Happy Hanumas? Happy Chrismakah? Merry Chanukah? The winter holidays are fast approaching. It's time for non-celebrants of Christmas to read yourselves for the onslaught of seasonal niceties from store clerks and acquaintances.
Our rabbis taught: When Adam saw the days getting shorter, he said, "Woe is me, perhaps because of my sin, the world around me is being darkened and returning to chaos; this is my punishment from heaven!" So he began an eight day fast.
In 1974 in Philadelphia, a small menorah was lit in front of Independence Hall, home to the iconic Liberty Bell. The menorah was crude and made of wood. Five people attended what is now considered to be the first Chabad-Lubavitch public-menorah lighting.
Every day is Labor Day. Jewish tradition expounds the importance of work and those who do it. Even God worked for six days and then rested on Shabbat. The Jewish vision of the messianic era is not an age of idleness, but rather one in which swords become plowshares.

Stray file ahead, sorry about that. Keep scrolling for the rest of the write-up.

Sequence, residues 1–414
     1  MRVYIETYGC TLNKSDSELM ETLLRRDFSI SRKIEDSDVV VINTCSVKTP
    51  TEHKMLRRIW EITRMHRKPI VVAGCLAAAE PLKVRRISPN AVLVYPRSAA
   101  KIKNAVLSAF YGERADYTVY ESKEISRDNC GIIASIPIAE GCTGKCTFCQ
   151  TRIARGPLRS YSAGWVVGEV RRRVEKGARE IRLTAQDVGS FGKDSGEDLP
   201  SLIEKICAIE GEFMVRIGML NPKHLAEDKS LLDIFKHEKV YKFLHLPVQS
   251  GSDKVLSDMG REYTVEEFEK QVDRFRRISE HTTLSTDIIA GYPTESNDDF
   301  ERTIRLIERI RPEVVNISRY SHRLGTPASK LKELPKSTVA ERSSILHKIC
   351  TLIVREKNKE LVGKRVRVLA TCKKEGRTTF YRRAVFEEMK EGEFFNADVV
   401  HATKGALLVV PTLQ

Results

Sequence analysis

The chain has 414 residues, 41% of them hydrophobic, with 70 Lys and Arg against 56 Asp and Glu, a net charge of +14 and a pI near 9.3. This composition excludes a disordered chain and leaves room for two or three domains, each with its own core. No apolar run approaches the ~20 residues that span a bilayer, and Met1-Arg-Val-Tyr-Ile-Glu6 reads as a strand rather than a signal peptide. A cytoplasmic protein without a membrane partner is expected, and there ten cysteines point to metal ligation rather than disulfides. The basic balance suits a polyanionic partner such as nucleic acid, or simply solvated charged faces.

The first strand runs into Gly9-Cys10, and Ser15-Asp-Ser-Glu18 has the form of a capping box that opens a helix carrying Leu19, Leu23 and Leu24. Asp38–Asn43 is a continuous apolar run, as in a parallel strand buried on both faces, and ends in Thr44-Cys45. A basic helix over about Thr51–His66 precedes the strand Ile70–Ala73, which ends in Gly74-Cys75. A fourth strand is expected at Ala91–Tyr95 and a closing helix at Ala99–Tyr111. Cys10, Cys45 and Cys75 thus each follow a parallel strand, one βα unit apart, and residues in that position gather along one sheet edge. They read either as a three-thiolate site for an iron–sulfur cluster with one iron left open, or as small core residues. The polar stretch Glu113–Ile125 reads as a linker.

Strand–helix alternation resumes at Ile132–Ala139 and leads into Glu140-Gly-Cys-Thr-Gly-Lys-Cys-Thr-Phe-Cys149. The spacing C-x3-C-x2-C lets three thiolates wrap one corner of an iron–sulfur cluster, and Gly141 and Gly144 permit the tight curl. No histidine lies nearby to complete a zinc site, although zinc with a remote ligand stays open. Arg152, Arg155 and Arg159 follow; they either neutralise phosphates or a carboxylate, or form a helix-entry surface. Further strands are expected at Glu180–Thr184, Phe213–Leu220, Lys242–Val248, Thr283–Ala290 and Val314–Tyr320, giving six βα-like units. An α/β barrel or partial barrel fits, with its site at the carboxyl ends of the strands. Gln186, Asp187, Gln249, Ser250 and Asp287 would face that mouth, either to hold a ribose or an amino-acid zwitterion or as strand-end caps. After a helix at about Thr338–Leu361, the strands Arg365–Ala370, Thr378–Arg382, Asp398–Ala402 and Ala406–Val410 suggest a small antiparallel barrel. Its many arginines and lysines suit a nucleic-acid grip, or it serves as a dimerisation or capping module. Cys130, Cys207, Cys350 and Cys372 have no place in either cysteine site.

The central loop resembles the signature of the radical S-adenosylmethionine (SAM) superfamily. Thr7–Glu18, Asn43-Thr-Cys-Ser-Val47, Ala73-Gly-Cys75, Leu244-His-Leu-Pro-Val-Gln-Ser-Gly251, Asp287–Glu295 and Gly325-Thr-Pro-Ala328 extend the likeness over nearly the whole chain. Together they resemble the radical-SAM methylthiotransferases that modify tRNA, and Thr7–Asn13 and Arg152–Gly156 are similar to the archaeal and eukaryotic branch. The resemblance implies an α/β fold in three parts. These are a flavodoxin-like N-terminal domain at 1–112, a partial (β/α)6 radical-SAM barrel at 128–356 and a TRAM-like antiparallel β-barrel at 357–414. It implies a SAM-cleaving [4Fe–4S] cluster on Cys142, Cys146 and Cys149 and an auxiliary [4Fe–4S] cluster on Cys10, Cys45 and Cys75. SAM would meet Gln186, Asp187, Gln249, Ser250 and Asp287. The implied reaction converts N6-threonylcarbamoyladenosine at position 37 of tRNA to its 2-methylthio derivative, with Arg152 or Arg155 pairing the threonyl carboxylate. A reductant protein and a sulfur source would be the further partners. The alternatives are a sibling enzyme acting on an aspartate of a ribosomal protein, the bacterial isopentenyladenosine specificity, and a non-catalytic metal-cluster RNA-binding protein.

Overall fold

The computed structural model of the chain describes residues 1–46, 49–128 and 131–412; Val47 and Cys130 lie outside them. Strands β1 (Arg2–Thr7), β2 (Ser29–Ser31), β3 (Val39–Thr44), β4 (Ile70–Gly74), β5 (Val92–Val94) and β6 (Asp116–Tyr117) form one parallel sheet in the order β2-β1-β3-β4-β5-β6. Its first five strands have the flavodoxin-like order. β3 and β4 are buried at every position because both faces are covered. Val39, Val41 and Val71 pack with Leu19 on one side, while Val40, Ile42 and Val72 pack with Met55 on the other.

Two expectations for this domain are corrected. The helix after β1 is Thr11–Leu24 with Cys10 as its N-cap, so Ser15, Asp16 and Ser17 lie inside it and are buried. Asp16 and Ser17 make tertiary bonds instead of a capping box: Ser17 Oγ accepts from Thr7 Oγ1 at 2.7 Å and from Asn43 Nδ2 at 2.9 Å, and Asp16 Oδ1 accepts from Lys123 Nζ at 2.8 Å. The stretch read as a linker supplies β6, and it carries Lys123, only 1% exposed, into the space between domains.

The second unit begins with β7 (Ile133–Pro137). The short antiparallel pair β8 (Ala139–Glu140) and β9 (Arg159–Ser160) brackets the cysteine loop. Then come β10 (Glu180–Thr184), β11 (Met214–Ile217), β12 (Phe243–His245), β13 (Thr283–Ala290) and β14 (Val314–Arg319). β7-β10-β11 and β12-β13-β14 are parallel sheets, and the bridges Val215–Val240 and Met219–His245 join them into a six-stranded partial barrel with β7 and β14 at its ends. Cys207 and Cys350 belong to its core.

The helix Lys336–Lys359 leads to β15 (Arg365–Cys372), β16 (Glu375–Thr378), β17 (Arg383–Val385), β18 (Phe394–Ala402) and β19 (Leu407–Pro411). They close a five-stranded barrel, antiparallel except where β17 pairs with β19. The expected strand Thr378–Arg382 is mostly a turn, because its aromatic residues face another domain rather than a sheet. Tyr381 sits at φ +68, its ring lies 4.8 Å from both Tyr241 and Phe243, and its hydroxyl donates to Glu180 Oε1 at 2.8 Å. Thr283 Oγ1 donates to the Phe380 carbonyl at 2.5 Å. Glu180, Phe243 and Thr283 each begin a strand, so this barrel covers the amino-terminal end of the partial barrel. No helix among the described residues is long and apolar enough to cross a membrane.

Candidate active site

When we love something, we want to share it – so why not be inspired to bring our Jewish friends into the kehilla kedosha (holy community), embracing them within a wonderful, sacred congregation?
The challenges and contradictions of being a Jew in America are never more obvious than in the month of December. Christmas is unavoidable from before Thanksgiving until well after New Year's. Every year, I wonder how much I should participate in the hoopla.
A few weeks ago I attended a local event featuring Joseph Goldstein, the world-renowned Buddhist teacher and author who was here in Brattleboro to help the Vermont Insight Meditation Center celebrate its fifth anniversary. I enjoyed the gathering immensely and was energized by seeing so many bri